Although Gerbera [GER-ber-a] is a genus native to the tropical regions of Asia, South America, and Africa, these days Gerbera daisies are grown and used commercially all over the world.
The plant was named after botanist Traugott Gerber.
Interestingly enough, there seems to be no relation between Traugott Gerber and any of the regions to which Gerbera daisies are native.
The botanist and doctor spent his entire life in Moscow, which makes naming such a faraway flower after him somewhat of a mystery.
Gerbera or Gerbera daisy is also known as Transvaal daisy, Barberton daisy, or African daisy.
The Gerbera genus contains 40 species although it used to have a lot more under its belt.
Various species have since been moved to other genera.
Growing The Gerbera Plant
Gerbera daisies are both perennial and annual plants.
This is because its growth is highly dependent on its environment.
In colder regions, Gerbera daisies grow once a year, but in USDA Plant Hardiness Zones 8 – 11, they rebloom every year.
The flower heads can grow up to 5” in diameter.
And the stem varies greatly in length depending on the species.
Gerbera daisies are fragrant but not overly so.
You may not notice it outdoors, but you will certainly notice it from cut flowers.
The flowers need moist soil but not too soggy.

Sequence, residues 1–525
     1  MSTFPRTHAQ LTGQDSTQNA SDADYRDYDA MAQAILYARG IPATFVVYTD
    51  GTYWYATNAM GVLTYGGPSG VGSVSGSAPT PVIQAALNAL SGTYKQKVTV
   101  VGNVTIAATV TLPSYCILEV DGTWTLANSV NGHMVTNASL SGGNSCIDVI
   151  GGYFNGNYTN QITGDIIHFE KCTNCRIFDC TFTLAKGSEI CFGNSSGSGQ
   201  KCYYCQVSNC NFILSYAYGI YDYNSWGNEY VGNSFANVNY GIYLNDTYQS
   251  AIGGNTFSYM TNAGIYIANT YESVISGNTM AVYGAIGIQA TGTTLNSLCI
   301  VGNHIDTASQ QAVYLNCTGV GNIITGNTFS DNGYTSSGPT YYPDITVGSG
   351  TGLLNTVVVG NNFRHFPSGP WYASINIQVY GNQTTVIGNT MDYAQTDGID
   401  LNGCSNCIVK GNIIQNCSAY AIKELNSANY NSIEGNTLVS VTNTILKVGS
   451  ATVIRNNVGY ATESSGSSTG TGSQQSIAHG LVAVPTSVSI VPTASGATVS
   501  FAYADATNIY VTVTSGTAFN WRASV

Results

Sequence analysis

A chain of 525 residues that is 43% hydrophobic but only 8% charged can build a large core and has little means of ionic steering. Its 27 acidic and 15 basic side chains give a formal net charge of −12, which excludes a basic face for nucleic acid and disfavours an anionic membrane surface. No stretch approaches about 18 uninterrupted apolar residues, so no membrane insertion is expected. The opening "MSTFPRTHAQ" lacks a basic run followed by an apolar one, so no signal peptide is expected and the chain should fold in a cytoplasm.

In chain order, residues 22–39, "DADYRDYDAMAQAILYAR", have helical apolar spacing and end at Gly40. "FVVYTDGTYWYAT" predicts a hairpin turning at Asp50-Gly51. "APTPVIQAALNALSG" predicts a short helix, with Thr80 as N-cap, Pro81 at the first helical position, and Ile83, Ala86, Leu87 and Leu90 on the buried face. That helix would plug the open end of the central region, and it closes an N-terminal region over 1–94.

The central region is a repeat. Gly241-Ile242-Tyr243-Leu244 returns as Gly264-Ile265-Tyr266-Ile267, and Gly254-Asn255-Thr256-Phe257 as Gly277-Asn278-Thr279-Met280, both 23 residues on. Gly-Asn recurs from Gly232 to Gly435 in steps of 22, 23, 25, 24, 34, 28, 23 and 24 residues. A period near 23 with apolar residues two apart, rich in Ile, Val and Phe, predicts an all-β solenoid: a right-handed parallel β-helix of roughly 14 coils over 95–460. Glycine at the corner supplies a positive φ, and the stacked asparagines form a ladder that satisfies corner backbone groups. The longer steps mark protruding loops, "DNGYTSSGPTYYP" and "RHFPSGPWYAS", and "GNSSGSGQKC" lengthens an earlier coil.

A daily light watering is required for the plants to maintain their health.
Direct sunlight is not a problem and recommended.
However, too much sunlight can cause scorching.
Even outdoor Gerbera daisies tend to struggle in temperatures above 70° degrees Fahrenheit (21° C).
Rich soil is needed to promote consistent blooming and plant health.
However, there’s rarely a need to add nutrients to outdoor Gerbera flowers unless they’re young and freshly planted.
Grooming is also important.
Not only because it helps keep infestations at bay but also because these flowers suffer from overcrowding and need proper air circulation.
Dead foliage and wilted blooms should be cut frequently.
How To Propagate
Gerbera daisies are propagated by seeds or seedlings.
Both methods yield the same results eventually, but using the seeds tends to be a cheaper option.
It’s also worth noting the seedlings are only viable for a short time.
Caring For The Plant
Taking care of the plant starts with a proper arrangement.
Leave enough room between them to avoid having to do extra maintenance work.
Also, make sure to water only in the morning so the soil dries out naturally by nightfall.
Gerbera daisies need plenty of nutrients.
You want to look for rich plant fertilizer with fish or seaweed-based micronutrients.
Keep an eye out for pests and diseases as Gerbera daisies are known to attract plenty of insects.
They’re also sensitive, so daily checkups are required.
Pests, Diseases, Or Problems The Plant Encounters
While not exactly hard to take care of, Gerbera daisies are viewed as high-maintenance.
Insect infestation is a common problem.
Leaf miners like small yellow flies are attracted to the plant and puncture the leaves to consume the sap.
Caterpillars are also a common problem, as are cutworms.